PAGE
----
Stories

Julia Baker

I was at Ruhjia during the period 2000-2001 undertaking research for my PhD. 

Phil Shaw

Back in 1995 Derek Pomeroy from Makerere and Chris Perrins from Oxford University arranged for 25 nestboxes to be erected in the vicinity of Ruhija. Their aim was to shed light on the breeding biology of a small songbird endemic to the Albertine Rift: the Stripe-breasted Tit. What sets this species apart from most other Albertine Rift endemics is that it is closely related to some of the world’s most intensively studied birds; species like the Great Tit and Blue Tit (in Europe), and the chickadees of North America.

Rob Marchant

ROb.jpgI have many fond memories of my time in Bwindi - one that stays with me is of my arrival in Bwindi with Jonathan Baranga.  After the long drive from Kampala, with numerous stops en-route to meet / pick up people, supplies and take rest we arrived into Bwindi at dusk. 

Robert Bitariho

My best times at ITFC are the get-together parties we used to attend that involved various stakeholders such as UWA, CARE & IGCP. These parties would be organized at the park headquarters in Buhoma where all BMCA stakeholders informally met over lunch, dinner and drinks. It was one of the best ways the working relationships between BMCA stakeholders was enhanced. One such party that comes to my mind is the end of year party in 1995 held at Buhoma, it was well attended and involved peacecorp volunteers, CARE, ITFC, IGCP and all UWA staff. 

Bob Drewes

I first visited IFCP (the Impenetrable Forest Conservation Project as it was known then) in 1990 at the invitation of Tom Butynski and Jan Kalina who were running the project at the time. This was before the forest was gazette as a National Park. On the recce, I was accompanied by an old friend from Kenya, John Miskell and the ornithologist John Ashe. Together, I think they eventually wrote the birds of Somalia.

John Berry

Although I have moved into a very different field – working in marine chemistry, and chasing new molecules from the sea, these days – I will always have fond memories of my days following the Bwindi gorillas (and collecting their food plants and poo). I do even still get the occasional inquiry about Aframomum and gorillas.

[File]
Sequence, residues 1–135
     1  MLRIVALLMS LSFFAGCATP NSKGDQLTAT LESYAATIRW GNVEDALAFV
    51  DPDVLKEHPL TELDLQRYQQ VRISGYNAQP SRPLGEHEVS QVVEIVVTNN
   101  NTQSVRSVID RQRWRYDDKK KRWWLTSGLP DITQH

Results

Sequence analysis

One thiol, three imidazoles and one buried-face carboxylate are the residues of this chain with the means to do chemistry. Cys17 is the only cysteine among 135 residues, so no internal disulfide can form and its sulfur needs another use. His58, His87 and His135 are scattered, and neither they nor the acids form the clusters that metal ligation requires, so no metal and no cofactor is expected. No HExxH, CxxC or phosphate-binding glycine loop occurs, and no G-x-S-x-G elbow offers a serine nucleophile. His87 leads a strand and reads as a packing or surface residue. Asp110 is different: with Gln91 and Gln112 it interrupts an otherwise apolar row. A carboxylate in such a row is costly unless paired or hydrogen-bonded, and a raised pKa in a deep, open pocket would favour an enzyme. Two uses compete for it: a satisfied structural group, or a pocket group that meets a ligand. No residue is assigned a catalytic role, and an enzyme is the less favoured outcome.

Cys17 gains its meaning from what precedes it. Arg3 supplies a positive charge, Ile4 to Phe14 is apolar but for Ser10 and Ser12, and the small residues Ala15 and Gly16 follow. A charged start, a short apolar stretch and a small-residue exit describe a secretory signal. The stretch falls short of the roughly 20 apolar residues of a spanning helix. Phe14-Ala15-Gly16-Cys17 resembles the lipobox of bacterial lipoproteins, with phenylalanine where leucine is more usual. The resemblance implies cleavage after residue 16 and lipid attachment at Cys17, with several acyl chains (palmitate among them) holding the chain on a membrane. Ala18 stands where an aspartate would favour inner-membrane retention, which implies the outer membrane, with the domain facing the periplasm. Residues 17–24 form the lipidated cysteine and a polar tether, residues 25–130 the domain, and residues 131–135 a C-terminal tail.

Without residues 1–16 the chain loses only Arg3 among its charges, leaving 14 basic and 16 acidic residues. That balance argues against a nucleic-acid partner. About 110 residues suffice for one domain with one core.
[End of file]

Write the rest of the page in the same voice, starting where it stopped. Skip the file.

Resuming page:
Simon Jennings

I was amazed by an enormous brown spider with fangs like knitting needles, which warn you off by rubbing their front legs together to generate a rasping sound, which at the same time causes the release of highly irritant fragments of hair.

Aleper Daniel Knox

"It is long since I was in Bwindi last, I hope to return there again one day. I got diverted from small mammals from the forest to those from savannah and am now studying elephants, trees and bush fire in North-Eastern Uganda.

What I did in Bwindi at ITFC is the marking/tagging at 100m interval of the trail from Ruhija, starting below the  ITFC Director's house (1992) across the forest through Mubwindi swamp to Nteko, then to Buhoma.             

Ed Wilson

wilson.JPGAs the WWF Regional Representative at the time that ITFC was established, I worked very closely with Professor Kayanja, Tom Butynski and Jonathan Baranga to develop the documentation and institutional arrangements to make ITFC a sustainable part of Uganda's conservation landscape.

Ian Lacey's experience

The excitement and expectations of my research project leading up to my arrival at Bwindi Impenetrable National Park (BINP) were realised the moment I passed through Ndego Gate on the park’s south-eastern edge and made my way to ITFC. I had been told many stories of southwest Uganda, its people and landscape in the preceding months by classmates and was extremely happy to have arrived at a place I could call home for the next 2 weeks.

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